Please Note: This Article is 5 years old. This increases the likelihood that some or all of it's content is now outdated.

Fire Safety:

Owners, landlords and managers of tower blocks in the private rented sector in England are being asked to check external cladding to be paid for by Government.

Following the devastating Grenfell Tower tragedy in Kensington, owners, landlords and managers of high rise private residential blocks in England have been advised by Government to check their buildings fire safety arrangements.

After a similar fire on a smaller scale in Southwark in 2009, where six people, including three children, died in the fire in the 14-storey Lakanal House, after becoming trapped on the 11th floor, an inquiry looked into the potential risks which external cladding on tower blocks posed to fire spreading.

The Southwark inquiry committee sent letters to all metropolitan borough councils to assess the extent of the possible threat at that time. It was estimated that there were around 3,500 residential tower blocks higher than 10 storeys in the UK and that 500 were fitted with external cladding.

The Southwark inquiry recommended then that:

“The Department of the Environment, Transport and the Regions and the Housing Corporation instruct local authorities and registered social landlords to undertake a review of their existing building stock with a view to ascertaining how many multi-storey buildings are currently using external cladding systems; and how many cladding systems are in use which, whilst complying with the regulations in force at the time when they were installed, do not comply with current regulations.”

Melanie Dawes, Permanent Secretary at the Department of Communities and Local Government (DCLG), has now written to owners in the private rental sector (PRS) informing them that help is being made available for them to check their buildings following concerns after Grenfell Tower.

Free testing is being made available for cladding that may be the same as that used in the refurbishment of Grenfell Tower, with priority given to blocks over six storeys or 18 meters high. However, the cost of any remedial work will have to be met by owners.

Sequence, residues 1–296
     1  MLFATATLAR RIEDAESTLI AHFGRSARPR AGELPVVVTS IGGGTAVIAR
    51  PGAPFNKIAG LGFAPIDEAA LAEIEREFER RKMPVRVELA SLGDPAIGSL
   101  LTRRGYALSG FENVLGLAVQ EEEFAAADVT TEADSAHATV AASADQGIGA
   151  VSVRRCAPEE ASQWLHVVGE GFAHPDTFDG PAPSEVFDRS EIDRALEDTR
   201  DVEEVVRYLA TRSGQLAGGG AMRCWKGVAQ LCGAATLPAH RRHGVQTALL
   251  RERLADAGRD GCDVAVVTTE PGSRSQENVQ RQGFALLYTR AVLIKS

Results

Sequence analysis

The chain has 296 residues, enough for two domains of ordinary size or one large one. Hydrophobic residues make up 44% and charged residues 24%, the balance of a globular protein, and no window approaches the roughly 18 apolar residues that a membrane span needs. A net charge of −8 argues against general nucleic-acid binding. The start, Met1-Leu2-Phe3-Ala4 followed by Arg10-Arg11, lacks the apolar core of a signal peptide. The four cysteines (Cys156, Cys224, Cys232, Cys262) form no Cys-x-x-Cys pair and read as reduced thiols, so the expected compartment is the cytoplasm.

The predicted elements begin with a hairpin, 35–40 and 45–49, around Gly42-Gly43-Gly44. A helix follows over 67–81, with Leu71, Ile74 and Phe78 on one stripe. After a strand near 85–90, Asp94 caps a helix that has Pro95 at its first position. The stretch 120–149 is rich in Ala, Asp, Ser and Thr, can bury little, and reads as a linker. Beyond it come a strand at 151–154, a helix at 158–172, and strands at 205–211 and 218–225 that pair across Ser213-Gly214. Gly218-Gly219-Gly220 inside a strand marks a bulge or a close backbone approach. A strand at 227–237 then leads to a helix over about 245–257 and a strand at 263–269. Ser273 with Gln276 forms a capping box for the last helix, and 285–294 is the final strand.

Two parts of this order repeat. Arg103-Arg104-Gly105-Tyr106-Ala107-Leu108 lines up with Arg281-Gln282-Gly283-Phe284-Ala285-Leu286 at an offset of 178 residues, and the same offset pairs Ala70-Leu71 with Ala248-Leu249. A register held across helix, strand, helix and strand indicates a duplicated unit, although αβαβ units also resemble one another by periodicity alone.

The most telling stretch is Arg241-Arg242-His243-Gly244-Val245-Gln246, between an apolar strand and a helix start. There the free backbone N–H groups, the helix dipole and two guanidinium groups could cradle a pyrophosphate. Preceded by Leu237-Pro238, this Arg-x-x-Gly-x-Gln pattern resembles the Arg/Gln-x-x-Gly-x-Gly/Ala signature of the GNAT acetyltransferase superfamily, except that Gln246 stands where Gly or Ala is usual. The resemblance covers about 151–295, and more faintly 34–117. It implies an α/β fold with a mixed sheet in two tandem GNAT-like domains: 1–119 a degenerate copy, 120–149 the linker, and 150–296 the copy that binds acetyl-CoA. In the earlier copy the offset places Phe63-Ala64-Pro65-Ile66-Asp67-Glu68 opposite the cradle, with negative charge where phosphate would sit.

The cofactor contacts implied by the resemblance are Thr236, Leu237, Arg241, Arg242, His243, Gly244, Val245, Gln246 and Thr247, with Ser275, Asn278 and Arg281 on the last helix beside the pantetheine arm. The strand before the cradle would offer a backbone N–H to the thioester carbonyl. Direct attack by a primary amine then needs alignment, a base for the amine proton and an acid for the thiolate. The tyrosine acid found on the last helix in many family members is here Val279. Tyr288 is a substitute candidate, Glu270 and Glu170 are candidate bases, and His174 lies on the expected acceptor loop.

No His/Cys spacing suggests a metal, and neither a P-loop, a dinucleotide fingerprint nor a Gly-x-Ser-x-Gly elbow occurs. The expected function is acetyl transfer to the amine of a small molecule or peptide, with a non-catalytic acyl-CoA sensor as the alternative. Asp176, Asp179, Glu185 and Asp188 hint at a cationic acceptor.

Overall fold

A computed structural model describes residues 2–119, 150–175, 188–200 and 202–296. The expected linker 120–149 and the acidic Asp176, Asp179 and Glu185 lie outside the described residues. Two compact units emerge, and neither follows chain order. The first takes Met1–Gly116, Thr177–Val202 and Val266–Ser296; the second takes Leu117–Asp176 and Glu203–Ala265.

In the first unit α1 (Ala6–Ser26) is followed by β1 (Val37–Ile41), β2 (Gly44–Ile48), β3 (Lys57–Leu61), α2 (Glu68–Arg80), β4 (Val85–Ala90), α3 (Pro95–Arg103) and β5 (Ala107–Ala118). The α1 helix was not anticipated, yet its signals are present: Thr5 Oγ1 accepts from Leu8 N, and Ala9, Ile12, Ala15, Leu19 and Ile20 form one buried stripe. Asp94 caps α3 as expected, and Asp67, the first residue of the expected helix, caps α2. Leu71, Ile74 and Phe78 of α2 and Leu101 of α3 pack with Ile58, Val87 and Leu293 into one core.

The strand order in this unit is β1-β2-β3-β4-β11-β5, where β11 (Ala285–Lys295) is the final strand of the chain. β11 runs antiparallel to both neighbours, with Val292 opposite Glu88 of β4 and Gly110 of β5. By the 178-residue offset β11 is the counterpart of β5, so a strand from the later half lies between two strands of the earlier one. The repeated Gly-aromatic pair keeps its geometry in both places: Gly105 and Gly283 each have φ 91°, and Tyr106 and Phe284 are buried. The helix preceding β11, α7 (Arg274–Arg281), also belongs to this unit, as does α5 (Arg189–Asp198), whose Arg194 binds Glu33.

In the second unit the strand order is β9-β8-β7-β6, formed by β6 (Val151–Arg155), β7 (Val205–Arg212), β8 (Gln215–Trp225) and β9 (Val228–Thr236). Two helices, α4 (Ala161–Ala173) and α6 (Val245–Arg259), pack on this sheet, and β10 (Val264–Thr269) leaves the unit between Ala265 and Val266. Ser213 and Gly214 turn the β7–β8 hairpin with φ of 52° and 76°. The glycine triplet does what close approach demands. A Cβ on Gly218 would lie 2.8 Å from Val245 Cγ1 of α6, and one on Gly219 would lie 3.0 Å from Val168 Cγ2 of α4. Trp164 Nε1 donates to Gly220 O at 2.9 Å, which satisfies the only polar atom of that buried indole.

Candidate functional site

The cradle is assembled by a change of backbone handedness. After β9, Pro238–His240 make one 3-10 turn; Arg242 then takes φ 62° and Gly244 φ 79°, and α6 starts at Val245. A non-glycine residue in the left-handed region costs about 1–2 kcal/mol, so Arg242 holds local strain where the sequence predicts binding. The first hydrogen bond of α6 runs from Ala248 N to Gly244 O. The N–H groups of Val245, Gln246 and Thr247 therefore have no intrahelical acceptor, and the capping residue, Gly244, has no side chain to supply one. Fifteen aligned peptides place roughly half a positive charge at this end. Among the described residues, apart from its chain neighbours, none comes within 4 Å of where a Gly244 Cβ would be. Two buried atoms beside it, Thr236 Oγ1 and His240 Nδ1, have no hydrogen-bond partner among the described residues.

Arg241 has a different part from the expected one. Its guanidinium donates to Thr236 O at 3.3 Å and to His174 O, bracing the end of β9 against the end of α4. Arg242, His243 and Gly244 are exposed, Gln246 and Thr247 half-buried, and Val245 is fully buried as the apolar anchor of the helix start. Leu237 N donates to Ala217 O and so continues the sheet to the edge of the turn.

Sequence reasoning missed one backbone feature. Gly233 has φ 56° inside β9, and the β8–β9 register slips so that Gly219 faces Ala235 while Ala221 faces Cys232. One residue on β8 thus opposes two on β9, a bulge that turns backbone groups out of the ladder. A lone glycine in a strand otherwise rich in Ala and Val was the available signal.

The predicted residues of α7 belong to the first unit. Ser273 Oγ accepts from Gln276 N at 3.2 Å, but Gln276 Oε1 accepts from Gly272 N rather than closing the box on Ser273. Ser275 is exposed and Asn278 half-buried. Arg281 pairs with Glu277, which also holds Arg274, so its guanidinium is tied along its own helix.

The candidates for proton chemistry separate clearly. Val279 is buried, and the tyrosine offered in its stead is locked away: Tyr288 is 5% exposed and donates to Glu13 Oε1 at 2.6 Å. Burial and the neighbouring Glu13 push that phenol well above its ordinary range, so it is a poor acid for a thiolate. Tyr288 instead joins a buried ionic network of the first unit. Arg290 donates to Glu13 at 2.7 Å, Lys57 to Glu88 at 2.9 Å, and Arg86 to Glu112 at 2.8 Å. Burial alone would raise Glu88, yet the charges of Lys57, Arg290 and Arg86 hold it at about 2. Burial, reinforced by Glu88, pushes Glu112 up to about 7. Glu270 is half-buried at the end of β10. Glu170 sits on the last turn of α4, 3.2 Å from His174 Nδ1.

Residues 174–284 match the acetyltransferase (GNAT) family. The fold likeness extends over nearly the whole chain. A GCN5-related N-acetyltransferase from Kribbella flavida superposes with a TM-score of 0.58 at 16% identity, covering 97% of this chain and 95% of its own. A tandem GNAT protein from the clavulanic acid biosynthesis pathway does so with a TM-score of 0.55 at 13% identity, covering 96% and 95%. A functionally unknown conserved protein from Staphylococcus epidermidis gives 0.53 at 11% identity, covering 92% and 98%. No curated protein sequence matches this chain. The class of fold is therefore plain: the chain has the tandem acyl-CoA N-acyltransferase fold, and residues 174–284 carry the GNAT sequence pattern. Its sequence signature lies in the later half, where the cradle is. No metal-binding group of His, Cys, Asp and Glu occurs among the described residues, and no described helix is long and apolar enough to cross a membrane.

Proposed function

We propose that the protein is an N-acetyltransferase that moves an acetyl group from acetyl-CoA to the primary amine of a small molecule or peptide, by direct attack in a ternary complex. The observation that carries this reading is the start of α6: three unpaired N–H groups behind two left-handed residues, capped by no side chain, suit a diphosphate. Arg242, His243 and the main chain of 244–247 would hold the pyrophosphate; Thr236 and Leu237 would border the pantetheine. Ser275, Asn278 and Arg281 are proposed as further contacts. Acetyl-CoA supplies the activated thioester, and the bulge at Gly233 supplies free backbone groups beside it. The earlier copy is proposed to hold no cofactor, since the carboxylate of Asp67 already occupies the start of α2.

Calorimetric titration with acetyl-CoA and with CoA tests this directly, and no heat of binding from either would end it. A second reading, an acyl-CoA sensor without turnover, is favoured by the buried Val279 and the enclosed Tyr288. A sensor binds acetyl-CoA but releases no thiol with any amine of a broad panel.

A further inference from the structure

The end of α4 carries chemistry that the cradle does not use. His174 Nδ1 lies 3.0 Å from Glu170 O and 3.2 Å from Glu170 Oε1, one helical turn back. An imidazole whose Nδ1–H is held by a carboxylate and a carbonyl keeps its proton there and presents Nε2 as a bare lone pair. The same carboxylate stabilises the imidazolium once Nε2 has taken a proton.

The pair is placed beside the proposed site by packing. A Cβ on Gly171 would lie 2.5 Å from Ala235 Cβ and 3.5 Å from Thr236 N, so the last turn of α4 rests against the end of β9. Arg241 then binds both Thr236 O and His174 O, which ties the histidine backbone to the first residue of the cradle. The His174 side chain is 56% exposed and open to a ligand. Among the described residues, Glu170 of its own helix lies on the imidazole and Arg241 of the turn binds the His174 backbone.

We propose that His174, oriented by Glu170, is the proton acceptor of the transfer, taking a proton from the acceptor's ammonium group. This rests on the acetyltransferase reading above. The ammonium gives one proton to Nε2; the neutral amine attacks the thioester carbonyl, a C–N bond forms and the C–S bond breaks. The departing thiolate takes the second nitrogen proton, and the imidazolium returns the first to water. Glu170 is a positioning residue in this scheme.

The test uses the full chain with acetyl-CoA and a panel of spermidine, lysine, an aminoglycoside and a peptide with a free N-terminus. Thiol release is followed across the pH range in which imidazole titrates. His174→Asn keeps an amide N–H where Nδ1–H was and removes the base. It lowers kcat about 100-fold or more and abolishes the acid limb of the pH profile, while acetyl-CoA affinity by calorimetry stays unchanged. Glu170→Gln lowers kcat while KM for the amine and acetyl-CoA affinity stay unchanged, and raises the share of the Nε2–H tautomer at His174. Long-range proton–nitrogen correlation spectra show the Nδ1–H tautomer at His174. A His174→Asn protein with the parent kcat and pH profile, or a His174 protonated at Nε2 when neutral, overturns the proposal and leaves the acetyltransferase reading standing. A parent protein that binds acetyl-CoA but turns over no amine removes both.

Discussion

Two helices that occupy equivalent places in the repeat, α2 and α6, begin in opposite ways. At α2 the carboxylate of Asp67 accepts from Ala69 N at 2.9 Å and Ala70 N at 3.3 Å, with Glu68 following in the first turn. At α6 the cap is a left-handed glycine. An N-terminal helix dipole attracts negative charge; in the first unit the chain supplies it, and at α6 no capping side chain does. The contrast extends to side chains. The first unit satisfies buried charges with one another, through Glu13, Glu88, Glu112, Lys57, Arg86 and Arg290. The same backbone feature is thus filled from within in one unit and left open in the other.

Melanie Dawes says in her letter:

“There has been much public concern and comment about potential flaws in the cladding that was on Grenfell Tower. While the exact reasons for the speed of the spread of fire have yet to be determined, we have concluded that there are additional tests that can be undertaken with regard to the cladding.

“We have asked local authorities and social housing providers to identify whether any panels used in new build or refurbishment of their own housing stock are a particular type of cladding made of Aluminium Composite Material (ACM). These checks will be relevant to privately owned and managed residential buildings too, so please can you consider carrying out these checks on your buildings.

“If you identify that cladding on any of your buildings is made of ACM, then a sample can be tested. This testing facility is also being made available to blocks that are privately owned, and your local authority may already have been in touch to make you aware of this.

“Where the entire block is not owned and managed by the same party, please ensure that only one sample is provided and that any necessary permissions are obtained for taking and sending off the sample.

“We would not expect individual leaseholders within a building to send off samples for testing. As well as this work it is of course important that owners/landlords have robust fire assessments for their properties,” says the letter.

Melanie Dawes explains in here letter that the testing will be paid for by the DCLG and the cost of any remedial action will be the responsibility of the owner of the building. Any questions should be sent to

Please Note: This Article is 5 years old. This increases the likelihood that some or all of it's content is now outdated.


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